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The Non-stop Garden - Flowers for Fall

The flowers of fall are worth waiting all summer for. The flash of asters, the bright spark of goldenrods, and the velvety, Victorian richness of chrysanthemums push the garden to a crescendo of color even as the days grow shorter. Summer flowers fade as frost begins to nip the garden, but pansies, dianthus, and other cool-season flowers keep right on blooming while the trees above are putting on their spectacular autumn show.

While you’re outside planting daffodils and tulips for next spring, it’s easy to slip in a few pansies, perhaps along a garden walk so you can enjoy their flowers as you come and go. In mild climates, pansies and charming little violas will bloom all winter and into spring. Calendulas, sometimes called pot marigolds, keep putting out their intense golden flowers through cool fall days, too.

A garden full of fall flowers will also be alive with butterflies. Coneflowers will be finishing their intense cycle of bloom, but goldfinches and chickadees perch on their handsome seed heads and help themselves. Especially at this season, migrating birds, as well as those that spend the winter in your garden, will take a keen interest in the seeds and berries your trees, shrubs, and flowers have produced during the long spring and summer.

Flower pots filled with cool-season blooms bring the palette of the season up close, to a porch or patio. “I love the idea of taking the plants and colors in the landscape and putting them in a pot — isolating them in a container. It’s pretty cool,” says Andrea Pellumbi, who works in the custom container department of a garden center in Portland. She likes to plant one large pot with strikingly variegated foliage plants or ornamental grasses, and stages smaller pots full of flowers around it. The plants in the big pot may hold up for a year or more, and you can change the color scheme in the smaller pots as often as you like. At this season, place a few pumpkins, gourds, or fancy ornamental squash among your flower pots: the abundance of the harvest will fill you with inspiration.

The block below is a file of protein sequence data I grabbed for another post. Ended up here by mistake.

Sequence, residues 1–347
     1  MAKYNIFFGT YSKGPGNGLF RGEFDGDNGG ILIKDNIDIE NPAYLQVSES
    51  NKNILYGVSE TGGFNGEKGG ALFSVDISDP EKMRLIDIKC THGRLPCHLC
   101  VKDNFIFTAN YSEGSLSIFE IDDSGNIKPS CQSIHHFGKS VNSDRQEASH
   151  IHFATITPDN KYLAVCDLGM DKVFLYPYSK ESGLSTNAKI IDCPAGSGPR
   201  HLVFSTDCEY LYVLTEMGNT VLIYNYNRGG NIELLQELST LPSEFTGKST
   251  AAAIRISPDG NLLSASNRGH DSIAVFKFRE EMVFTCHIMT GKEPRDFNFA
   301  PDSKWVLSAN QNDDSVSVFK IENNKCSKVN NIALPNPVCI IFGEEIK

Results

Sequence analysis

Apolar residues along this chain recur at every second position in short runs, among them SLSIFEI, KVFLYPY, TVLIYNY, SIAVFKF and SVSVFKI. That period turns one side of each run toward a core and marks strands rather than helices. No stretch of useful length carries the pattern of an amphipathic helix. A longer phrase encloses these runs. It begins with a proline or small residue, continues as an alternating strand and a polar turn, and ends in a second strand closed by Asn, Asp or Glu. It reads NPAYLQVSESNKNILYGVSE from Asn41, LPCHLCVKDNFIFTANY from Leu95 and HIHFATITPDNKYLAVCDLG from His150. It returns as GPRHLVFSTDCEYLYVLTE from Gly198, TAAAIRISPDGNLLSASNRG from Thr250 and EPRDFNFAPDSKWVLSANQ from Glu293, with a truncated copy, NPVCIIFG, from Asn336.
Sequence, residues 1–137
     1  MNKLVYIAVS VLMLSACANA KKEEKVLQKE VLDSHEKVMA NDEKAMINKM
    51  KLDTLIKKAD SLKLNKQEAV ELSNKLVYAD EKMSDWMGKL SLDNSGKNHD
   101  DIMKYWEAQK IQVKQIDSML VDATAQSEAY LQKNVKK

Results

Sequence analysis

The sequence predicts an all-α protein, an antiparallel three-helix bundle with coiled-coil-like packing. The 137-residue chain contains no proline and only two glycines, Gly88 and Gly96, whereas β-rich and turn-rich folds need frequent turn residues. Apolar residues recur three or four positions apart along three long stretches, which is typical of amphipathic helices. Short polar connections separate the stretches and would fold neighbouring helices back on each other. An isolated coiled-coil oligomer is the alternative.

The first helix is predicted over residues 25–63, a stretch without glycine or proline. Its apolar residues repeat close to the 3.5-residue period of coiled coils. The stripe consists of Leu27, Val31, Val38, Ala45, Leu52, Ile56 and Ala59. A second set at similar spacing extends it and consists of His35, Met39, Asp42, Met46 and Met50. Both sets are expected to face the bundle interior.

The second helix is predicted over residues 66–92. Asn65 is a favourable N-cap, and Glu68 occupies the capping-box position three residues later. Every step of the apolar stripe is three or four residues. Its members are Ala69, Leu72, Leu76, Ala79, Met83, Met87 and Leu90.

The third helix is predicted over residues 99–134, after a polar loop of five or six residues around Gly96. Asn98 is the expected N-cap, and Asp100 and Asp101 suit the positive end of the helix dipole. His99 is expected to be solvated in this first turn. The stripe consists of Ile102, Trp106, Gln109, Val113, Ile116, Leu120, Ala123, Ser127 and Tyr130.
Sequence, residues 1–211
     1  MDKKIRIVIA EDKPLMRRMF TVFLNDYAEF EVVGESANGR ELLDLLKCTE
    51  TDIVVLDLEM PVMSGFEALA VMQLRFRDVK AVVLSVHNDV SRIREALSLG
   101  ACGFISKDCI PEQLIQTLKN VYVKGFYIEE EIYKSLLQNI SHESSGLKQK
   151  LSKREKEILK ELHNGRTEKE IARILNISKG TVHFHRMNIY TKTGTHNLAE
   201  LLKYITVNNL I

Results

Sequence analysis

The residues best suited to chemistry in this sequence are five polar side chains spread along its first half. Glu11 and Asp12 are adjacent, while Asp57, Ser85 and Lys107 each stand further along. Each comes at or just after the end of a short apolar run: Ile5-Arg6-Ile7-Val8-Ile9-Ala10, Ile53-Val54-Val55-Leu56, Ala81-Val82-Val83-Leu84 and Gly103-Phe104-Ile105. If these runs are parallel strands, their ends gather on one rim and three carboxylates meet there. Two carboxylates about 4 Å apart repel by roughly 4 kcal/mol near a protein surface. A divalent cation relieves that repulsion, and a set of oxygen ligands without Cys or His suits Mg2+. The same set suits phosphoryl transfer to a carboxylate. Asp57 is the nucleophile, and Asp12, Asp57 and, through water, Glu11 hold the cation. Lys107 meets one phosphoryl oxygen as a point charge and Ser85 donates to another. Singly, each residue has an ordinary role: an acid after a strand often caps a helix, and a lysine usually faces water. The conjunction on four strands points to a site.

Autumn Brillance
Flower colors are more intense in the fall, and gardens are less demanding: plants will not need as much water as they did on hot summer days, and even weeds slow down as the days grow shorter and the temperature cools off. Cool-season annual and perennial flowers flourish in these conditions: they bloom vigorously, and their flowers last a long time.
Here are some of the best choices for flower beds or for pots:
pansies, violas, petunias, snapdragons, callibrachoa, calendula.
Perennials: Japanese anemone, perennial sunflowers (Helianthus), sedum, ornamental grasses, asters, chrysanthemums (also grown as annuals).

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Gardening Tip of the Day

  • How can you tell when it is time to harvest the backyard apple, peach, pear and cherry trees? Time the picking to coincide with the fruit being fully ripe to yield its peak of flavor and nutrition. Here’s what to look for:
    - The fruit will look ripe. Its skin will be flush with color rather than the green shade it had while developing all summer.
    - The fruit will feel ripe. It will yield to a gentle squeeze indicating the flesh has softened somewhat.
    - It will also smell ripe becoming pleasantly fragrant, especially when the sun has warmed it.
    - The best indication that fruit is ready for picking is that it picks easily. Truly ripe fruit virtually falls into your hand when grasped. But harvest before it drops onto the ground and attracts bees.